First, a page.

From about 1846 until 1872, an Indian "trading house" occupied a site near here. Built by James Bordeaux, the trading station was once attacked and set afire by hostile Crow warriors. Fortunately, some friendly Sioux Indians came to the rescue and . . . — — Map (db m4529) HM
Employees of Lancaster P. Lupton built a trading post on the creek near here in 1841 to trade with the Sioux Indians. From 1842 until at least 1845 this post was managed by Louis B. Chartran, first for Sibille and Adams and later for Pratte & . . . — — Map (db m89344) HM
Following the 1874 establishment of military posts near the Red Cloud and Spotted Tail agencies for the Oglala and Brule Sioux, the army laid out a forty-two-mile road to transport military and Indian supplies between the agencies and posts.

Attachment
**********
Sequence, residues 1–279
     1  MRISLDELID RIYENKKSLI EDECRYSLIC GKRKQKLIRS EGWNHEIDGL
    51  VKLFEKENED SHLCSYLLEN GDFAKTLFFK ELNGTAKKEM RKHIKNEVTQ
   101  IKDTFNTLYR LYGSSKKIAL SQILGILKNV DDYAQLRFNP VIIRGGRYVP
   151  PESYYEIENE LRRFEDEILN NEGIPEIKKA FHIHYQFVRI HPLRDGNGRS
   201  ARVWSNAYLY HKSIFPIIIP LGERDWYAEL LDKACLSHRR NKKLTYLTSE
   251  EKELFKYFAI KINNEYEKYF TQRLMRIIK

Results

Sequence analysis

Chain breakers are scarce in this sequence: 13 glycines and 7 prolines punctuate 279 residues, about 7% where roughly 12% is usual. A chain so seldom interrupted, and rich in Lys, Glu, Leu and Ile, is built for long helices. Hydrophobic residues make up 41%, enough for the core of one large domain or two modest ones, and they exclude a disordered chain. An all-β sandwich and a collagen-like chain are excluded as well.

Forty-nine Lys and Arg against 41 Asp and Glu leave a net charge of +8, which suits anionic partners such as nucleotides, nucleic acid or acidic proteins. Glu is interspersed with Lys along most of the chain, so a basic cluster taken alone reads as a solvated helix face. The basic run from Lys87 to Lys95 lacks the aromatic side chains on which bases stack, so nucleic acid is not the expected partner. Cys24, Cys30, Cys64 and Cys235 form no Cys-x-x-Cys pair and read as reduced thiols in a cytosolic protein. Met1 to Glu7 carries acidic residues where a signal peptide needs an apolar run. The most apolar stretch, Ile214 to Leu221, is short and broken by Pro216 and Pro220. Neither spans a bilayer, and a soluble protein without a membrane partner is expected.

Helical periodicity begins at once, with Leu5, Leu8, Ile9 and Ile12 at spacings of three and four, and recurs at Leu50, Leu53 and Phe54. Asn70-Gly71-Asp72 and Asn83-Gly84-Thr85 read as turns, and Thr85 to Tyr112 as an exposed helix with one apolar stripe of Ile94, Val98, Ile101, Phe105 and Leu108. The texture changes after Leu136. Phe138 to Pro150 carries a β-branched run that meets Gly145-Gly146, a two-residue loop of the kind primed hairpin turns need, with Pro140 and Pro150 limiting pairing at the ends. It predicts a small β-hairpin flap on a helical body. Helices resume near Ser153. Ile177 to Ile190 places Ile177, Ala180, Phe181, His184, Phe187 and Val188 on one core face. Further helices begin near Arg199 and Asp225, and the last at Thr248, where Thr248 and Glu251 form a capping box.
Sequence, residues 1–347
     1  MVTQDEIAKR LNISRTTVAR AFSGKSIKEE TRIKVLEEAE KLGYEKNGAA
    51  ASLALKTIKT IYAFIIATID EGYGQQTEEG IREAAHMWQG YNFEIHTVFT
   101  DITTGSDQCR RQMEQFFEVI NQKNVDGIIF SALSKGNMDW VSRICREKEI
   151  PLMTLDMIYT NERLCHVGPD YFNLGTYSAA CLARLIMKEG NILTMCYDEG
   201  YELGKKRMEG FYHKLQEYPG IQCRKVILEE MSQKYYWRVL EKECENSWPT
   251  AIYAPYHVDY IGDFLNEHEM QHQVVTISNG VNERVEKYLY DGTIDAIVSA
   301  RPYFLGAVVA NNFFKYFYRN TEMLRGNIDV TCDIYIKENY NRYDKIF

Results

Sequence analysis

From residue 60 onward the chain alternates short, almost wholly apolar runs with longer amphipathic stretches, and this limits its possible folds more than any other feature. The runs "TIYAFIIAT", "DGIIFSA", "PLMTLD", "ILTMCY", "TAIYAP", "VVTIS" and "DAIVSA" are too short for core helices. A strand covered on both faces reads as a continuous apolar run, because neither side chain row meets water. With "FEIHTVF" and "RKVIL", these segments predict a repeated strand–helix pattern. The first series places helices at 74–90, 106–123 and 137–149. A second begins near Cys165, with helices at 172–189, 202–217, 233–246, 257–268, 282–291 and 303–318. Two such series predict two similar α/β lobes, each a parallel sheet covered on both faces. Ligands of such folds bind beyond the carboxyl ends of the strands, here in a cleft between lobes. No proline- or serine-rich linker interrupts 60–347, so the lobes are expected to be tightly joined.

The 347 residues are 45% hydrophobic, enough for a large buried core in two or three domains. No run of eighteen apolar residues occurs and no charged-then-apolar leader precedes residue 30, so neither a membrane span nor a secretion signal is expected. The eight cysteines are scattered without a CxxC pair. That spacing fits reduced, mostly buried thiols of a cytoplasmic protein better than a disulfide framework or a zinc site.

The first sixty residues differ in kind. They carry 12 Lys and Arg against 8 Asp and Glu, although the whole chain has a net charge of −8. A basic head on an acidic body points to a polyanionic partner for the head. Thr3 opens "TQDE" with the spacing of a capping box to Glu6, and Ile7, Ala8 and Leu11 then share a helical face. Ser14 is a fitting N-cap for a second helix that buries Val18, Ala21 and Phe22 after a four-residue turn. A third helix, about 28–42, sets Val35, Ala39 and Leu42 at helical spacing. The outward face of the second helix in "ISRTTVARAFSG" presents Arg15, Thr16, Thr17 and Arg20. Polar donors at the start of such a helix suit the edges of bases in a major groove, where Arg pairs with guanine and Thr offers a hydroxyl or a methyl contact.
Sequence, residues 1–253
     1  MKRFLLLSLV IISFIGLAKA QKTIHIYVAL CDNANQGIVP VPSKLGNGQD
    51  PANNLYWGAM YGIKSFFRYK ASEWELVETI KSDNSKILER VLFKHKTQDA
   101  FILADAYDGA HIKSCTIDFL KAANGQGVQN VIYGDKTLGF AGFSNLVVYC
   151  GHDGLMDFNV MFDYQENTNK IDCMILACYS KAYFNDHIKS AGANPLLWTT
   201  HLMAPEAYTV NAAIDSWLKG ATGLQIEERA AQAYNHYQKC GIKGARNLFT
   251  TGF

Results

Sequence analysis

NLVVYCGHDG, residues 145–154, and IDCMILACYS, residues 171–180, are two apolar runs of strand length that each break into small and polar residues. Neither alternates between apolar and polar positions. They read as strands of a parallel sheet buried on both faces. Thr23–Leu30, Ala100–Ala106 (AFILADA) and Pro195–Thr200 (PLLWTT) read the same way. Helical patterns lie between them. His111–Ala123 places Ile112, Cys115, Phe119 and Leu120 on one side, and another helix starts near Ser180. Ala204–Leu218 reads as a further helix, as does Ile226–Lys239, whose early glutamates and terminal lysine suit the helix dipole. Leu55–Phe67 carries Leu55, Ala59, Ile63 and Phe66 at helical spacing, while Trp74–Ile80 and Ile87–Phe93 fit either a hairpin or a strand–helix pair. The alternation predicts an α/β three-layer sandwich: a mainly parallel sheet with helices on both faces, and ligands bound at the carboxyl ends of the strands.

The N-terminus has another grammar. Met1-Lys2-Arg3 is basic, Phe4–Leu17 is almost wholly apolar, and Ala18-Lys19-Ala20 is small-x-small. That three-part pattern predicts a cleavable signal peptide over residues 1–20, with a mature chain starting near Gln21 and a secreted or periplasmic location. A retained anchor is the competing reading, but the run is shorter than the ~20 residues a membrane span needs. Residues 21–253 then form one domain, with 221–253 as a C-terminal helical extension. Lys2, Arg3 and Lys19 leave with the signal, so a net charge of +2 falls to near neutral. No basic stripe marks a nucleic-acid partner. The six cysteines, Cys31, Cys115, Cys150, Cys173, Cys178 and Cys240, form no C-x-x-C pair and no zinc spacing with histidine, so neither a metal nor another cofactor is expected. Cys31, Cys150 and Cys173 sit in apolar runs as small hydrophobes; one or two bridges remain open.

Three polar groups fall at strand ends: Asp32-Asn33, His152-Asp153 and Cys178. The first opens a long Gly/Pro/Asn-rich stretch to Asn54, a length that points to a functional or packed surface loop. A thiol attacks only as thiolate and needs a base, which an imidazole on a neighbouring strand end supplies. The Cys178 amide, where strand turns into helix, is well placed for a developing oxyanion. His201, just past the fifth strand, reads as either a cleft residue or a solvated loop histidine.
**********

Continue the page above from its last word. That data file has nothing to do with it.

Oglala . . . — — Map (db m89346) HM
The Pine Ridge Country of northwestern Nebraska is among the greatest historic places of the nineteenth-century American West. It was long the homeland and hunting grounds of the Lakota (Western Sioux). White fur traders began arriving during . . . — — Map (db m89354) HM
Paha Sapa is sacred land of the Lakota that the white man has named Black Hills. We never lived in this place. It is the womb of Mother Earth—the rightful home of birds and animals. We came here only for ceremonies, vision quests and burials. The . . . — — Map (db m173952) HM
America’s longest horse race began here June 13, 1893. The 1,000 mile race ended June 27 in Chicago at Buffalo Bill’s Wild West Show. The race apparently was the idea of Chadron jokester John G. Maher. Seven of nine riders finished, some traveling . . . — — Map (db m51693) HM
From about 1837 until 1850, more than a quarter million buffalo robes bought from Indians and 27 tons of fur company trade goods were hauled over the 300 mile long Fort Pierre-Fort Laramie Trail that followed the White River through this area. First . . . — — Map (db m4530) HM